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My Dog Sunday
Shi-Lin, Taipei, Taiwan
Meeting the Local Dogs
When we lived in Taiwan (which used to be known as 'Formosa' - beautiful island), our home was in Shi-Lin, a suburb of Taipei City. My husband was there to minister to the 'Ex-pats' and was the only foreign Anglican priest in the Diocese. Some of the people who attended the church were more or less permanent, but many came for business and did not stay long.
Among those who came to the English services quite regularly was a group of children and their carers from an orphans' 'village.' After we had settled in, we visited the village complex and found, behind a protective wall, a neat road dotted with cottages set in their own gardens of flowers and vegetables. Each cottage had a 'parent' who cared for about eight children - and a dog. They were similar to those we had seen in the streets, a pale golden colour with a tail that curled around over the back, and I admired them. At that time I thought that they were the Formosan Native Dog, but since then I have come to realise that they must have been the result of cross-breeding with imported dogs, as their colour was different. We called them Taiwanese dogs.
It was lovely to see these dogs well cared for and they made good, reliable pets as well as good watchdogs. However, at that time back in the city there were many street dogs that roamed in small packs, half-starved, mangy, and a number had been injured by the heavy traffic. I found it hard to cope with seeing these poor animals, sometimes dragging broken limbs, or even with part of their entrails showing as they struggled to find food. It is not like that now, for which I am very thankful.
We Meet Sunday
One steamy Sunday, as we came out of the church, the children were keen to show me a cardboard box that had apparently been sitting in the hot sunshine all through the service. Inside was a gift for me; a tiny, panting puppy. When they asked me what I would call him, I decided on the name of 'Sunday.'
So Sunday came to live with us. I found that, apart from food and water, the first thing I was expected to buy for him was a cage. That was what people here did, they had a cage for their dog, so eventually one was set up in the glassed-in balcony. As he grew, apart from taking him for walks in the evenings when we had time, we took him up and let him roam on the spacious flat rooftop, as no-one else in the building used it since the garden there had been blown to pieces in the last typhoon. There he had freedom, water and shade during the day.
One Sunday the children came to visit him and couldn't believe how much he had grown; he was now much bigger than his mother and I was told firmly that I was feeding him too much meat, he needed more rice.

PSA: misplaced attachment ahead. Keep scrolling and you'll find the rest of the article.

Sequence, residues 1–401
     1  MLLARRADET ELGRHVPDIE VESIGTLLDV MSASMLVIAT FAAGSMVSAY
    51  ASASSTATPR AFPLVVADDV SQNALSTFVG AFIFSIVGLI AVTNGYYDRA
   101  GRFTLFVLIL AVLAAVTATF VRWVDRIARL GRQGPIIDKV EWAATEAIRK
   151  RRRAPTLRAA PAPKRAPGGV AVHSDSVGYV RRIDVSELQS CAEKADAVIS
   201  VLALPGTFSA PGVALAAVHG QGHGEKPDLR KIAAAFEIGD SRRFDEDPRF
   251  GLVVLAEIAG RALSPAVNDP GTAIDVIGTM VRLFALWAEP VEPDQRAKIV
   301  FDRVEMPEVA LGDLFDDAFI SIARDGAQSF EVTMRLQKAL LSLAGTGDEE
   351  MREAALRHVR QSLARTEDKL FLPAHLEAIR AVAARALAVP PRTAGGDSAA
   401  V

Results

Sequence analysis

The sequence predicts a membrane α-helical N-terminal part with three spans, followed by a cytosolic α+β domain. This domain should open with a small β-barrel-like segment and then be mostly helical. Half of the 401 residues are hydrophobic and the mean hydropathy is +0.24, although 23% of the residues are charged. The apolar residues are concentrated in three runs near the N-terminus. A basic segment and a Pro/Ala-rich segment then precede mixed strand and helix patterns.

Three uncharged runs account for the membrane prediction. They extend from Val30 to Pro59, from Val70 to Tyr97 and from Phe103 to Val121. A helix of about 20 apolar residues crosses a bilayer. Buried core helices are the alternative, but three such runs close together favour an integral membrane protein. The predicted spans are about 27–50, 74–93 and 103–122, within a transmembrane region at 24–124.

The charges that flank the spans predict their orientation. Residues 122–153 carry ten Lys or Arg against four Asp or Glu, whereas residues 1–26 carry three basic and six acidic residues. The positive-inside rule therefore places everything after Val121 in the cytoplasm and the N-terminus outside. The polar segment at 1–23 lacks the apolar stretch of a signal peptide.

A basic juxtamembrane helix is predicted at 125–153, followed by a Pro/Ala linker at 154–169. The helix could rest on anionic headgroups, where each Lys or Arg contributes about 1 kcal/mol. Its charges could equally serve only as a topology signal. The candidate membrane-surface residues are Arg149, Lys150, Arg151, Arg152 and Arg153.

When he jumped up on me with all the excitement, I said,
"Sunday! Down! Sit!" He sat. The children were astonished.
"He understands English!"
I found that some people had expensive breeds of dogs and cared for them like a baby.
- I noticed that one local man took his poodle, that was quite young and fit, for a 'walk' in a shopping trolley. When there was a long stop at some traffic lights, he took out the dog's hairbrush and whisked some fur back into place when it had been pushed the wrong way.
- There were vets and, from my experience, found that they were very good.
- The dogs at the children's village were well cared for voluntarily by a kind local vet, but unfortunately he did not ever neuter their dogs, so there were always puppies that needed to be given away. I guess it was educational for the children, but a nuisance for the village managers.
Once I went with one of the village leaders in his van. He had invited me for a ride to see the local area as he tried to offload the puppies.
At one place we stopped at a factory. My friend made a little speech and offered them to the workers, adding the proviso,
"Mind! These are for pets and are not be be eaten for dinner!"
Sunday is Lost
A new family came to live on the fifth floor. We explained about Sunday and asked them to be sure to always close the child safety gate as they came down the stairs, so he wouldn't escape. I found they did not always close it properly and reminded them again. I felt they thought I was being overly fussy.
Shortly after this, one Sunday evening when I went to get Sunday, the gate was open and he was missing. I had grown to love my pet and was devastated. I think the locals thought it was a lot of fuss about nothing, but I got my husband to go with me, walking around the streets in the dark for hours, calling,
"Sunday! Sunday!" with tears running down my face.
I think they thought the missionaries had gone mad. But it was all to no avail. Although I watched for him whenever I went out, I never saw him again, but at least I did not see him wounded, so perhaps someone else had found him and adopted him, as often happened.
That is what I like to think.